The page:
No matter what your day entails, there's comfort in having at least one constant to rely on. And if it's something as simple as washing your face, then make the most of it by using your Clarisonic. Spending a couple of minutes to take care of yourself will definitely push your day in the right direction. 

Created and Produced by Jake Strasser
Directed and Produced by Jeff Pinilla
Directed and Produced by Matt Pourviseh
Edited by Jeff Pinilla
Produced by Astronada
Casting by Ali DiEmidio
Production Coordination by Nicole DeGregoris

Photo by Gareth Cattermole / Getty Images.

It marks her third duet with Nas

Here are some words that I never expected to read or hear again: There is a new song with Amy Winehouse. But here we are in 2019, and Salaam Remi has granted me a wish. On Valentine's Day, the Grammy-nominated producer and frequent Winehouse collaborator (also responsible for hits like Miguel's "Come Through & Chill") released "Find My Love" which features rapper Nas and that powerful and haunting voice that I have come to love and cherish so dearly.

Representatives for Remi said that the Winehouse vocals were from an old jam session the two had. Remi was a producer on both of Winehouse's albums, Frank and Back to Black. "Find My Love" marks the third time Winehouse and Nas have done duets under the direction of Remi. They were previously heard together on "Like Smoke," a single from her 2011 posthumous album Amy Winehouse Lioness: Hidden Treasures, and "Cherry Wine" from Nas' 2012 album Life Is Good. Winehouse died of alcohol poisoning on July 23, 2011, before they could complete production on her third album. My heart is still broken about it as she is by far my favorite artist.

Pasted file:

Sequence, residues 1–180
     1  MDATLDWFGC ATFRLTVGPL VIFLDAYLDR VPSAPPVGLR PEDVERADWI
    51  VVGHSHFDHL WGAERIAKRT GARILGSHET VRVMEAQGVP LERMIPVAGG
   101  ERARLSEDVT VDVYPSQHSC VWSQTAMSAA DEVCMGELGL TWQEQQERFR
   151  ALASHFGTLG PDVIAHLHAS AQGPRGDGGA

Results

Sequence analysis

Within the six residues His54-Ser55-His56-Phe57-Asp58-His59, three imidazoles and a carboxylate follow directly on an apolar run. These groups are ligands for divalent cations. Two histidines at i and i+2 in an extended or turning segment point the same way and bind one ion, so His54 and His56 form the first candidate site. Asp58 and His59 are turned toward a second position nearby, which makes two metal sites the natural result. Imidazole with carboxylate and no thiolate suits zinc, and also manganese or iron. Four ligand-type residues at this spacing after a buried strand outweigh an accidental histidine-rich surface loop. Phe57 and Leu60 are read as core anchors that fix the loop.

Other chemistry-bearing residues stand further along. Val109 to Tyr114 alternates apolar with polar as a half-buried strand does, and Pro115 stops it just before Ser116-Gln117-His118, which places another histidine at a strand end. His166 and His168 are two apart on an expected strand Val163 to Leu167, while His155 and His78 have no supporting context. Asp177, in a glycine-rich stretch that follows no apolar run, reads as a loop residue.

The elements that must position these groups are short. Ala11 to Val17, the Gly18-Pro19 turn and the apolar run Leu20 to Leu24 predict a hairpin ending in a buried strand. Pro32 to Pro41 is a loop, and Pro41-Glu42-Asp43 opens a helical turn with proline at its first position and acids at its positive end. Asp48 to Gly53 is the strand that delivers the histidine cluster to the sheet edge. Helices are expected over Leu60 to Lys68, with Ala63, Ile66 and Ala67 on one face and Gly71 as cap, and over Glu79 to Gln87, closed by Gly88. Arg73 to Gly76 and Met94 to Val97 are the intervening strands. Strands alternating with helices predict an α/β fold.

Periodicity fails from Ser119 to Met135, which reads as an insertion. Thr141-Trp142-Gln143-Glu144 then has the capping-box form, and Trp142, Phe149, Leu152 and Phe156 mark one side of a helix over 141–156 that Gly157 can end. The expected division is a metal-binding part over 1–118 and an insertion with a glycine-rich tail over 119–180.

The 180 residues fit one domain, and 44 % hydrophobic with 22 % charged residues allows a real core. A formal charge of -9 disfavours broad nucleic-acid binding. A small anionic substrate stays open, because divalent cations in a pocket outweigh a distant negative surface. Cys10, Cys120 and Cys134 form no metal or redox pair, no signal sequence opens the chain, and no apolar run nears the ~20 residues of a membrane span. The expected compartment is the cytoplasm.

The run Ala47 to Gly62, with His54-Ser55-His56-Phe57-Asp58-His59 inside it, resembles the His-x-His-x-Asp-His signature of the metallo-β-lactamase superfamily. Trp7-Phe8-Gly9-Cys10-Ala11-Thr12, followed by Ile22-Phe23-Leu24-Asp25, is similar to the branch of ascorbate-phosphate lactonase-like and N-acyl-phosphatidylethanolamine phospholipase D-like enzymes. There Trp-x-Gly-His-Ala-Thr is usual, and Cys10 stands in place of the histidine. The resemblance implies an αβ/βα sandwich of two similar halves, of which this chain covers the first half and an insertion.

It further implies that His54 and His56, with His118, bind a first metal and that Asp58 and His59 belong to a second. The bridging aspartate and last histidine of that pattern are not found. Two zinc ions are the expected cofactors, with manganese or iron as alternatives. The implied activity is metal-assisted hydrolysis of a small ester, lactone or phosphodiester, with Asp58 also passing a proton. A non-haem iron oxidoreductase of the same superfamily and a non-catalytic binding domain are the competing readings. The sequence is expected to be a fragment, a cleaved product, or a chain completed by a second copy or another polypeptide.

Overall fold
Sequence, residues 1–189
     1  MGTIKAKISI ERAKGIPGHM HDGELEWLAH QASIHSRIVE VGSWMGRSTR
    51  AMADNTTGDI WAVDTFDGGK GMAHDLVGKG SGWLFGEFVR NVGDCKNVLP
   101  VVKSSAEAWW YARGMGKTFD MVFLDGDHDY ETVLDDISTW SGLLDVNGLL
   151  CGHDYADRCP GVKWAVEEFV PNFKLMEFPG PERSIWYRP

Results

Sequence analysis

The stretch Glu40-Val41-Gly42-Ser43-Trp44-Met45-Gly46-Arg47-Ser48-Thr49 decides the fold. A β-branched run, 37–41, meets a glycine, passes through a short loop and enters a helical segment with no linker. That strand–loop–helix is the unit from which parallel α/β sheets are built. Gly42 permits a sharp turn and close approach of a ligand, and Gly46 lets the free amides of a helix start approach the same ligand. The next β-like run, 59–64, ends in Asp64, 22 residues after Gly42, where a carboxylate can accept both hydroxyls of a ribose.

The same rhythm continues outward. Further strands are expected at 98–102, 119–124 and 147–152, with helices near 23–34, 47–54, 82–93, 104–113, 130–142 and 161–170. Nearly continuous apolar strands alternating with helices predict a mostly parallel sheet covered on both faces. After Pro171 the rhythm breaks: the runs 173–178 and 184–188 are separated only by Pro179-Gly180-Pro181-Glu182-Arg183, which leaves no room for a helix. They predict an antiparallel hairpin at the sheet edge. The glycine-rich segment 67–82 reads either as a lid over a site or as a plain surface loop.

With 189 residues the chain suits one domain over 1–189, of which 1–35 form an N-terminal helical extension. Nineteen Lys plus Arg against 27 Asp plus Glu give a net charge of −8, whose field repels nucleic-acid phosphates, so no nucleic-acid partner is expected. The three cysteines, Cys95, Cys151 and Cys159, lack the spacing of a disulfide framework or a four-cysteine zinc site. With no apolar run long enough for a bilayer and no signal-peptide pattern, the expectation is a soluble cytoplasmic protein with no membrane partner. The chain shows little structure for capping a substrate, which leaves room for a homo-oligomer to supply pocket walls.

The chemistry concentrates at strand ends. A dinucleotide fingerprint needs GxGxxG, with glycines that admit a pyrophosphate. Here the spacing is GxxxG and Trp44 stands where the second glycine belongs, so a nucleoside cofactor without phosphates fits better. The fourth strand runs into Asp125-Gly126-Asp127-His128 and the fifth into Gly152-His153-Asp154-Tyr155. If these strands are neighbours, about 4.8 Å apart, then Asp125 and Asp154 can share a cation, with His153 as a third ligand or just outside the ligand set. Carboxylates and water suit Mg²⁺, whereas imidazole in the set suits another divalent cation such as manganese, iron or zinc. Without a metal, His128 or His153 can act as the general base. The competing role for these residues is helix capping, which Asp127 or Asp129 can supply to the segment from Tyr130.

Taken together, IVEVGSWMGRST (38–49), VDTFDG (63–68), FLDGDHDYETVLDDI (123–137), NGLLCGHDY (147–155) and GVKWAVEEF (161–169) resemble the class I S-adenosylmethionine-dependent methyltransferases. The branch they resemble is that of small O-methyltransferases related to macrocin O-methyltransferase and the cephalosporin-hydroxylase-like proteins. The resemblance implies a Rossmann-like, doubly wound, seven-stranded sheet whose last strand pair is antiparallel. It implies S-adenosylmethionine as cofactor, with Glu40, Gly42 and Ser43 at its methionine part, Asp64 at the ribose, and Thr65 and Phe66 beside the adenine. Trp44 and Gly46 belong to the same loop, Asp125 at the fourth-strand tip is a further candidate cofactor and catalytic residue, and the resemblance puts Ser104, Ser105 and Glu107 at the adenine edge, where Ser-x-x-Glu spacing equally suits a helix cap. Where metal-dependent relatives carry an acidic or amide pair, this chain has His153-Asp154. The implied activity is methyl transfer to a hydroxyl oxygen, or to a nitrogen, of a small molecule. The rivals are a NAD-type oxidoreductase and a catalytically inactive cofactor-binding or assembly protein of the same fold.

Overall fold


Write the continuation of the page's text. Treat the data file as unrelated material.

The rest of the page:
"Find My Love" is set to appear on Remi's Do It for the Culture 2, a collection of songs curated by him. Check it out, below.



Photo by Gabe Ginsberg/Getty Images

"In the midst of chaos there's opportunity"

Following the travesty that was Fyre Festival, Ja Rule wants to take another stab at creating a music festival. Good luck getting that off the ground.

On Thursday, the rapper spoke to TMZ, where he revealed that he was planning to relaunch Icon, an app used to book entertainers, which is similar to Billy McFarland's Fyre app. He told the outlet that he wanted to create a festival similar to Fyre to support it.

"[Fyre Festival] is heartbreaking to me. It was something that I really, really wanted to be special and amazing, and it just didn't turn out that way, but in the midst of chaos there's opportunity, so I'm working on a lot of new things," he says. He then gets into the fact that he wants to form a music festival. "[Fyre] is the most iconic festival that never was... I have plans to create the iconic music festival, but you didn't hear it from me."

Ja Rule actually doesn't seem to think he is at all responsible for what came from Fyre Fest, claiming in a Twitter post that he was "hustled, scammed, bamboozled, hood winked, led astray." Even if that's his feeling, he should realize that anyone involved with Fyre shouldn't ever try their hand at music festivals again.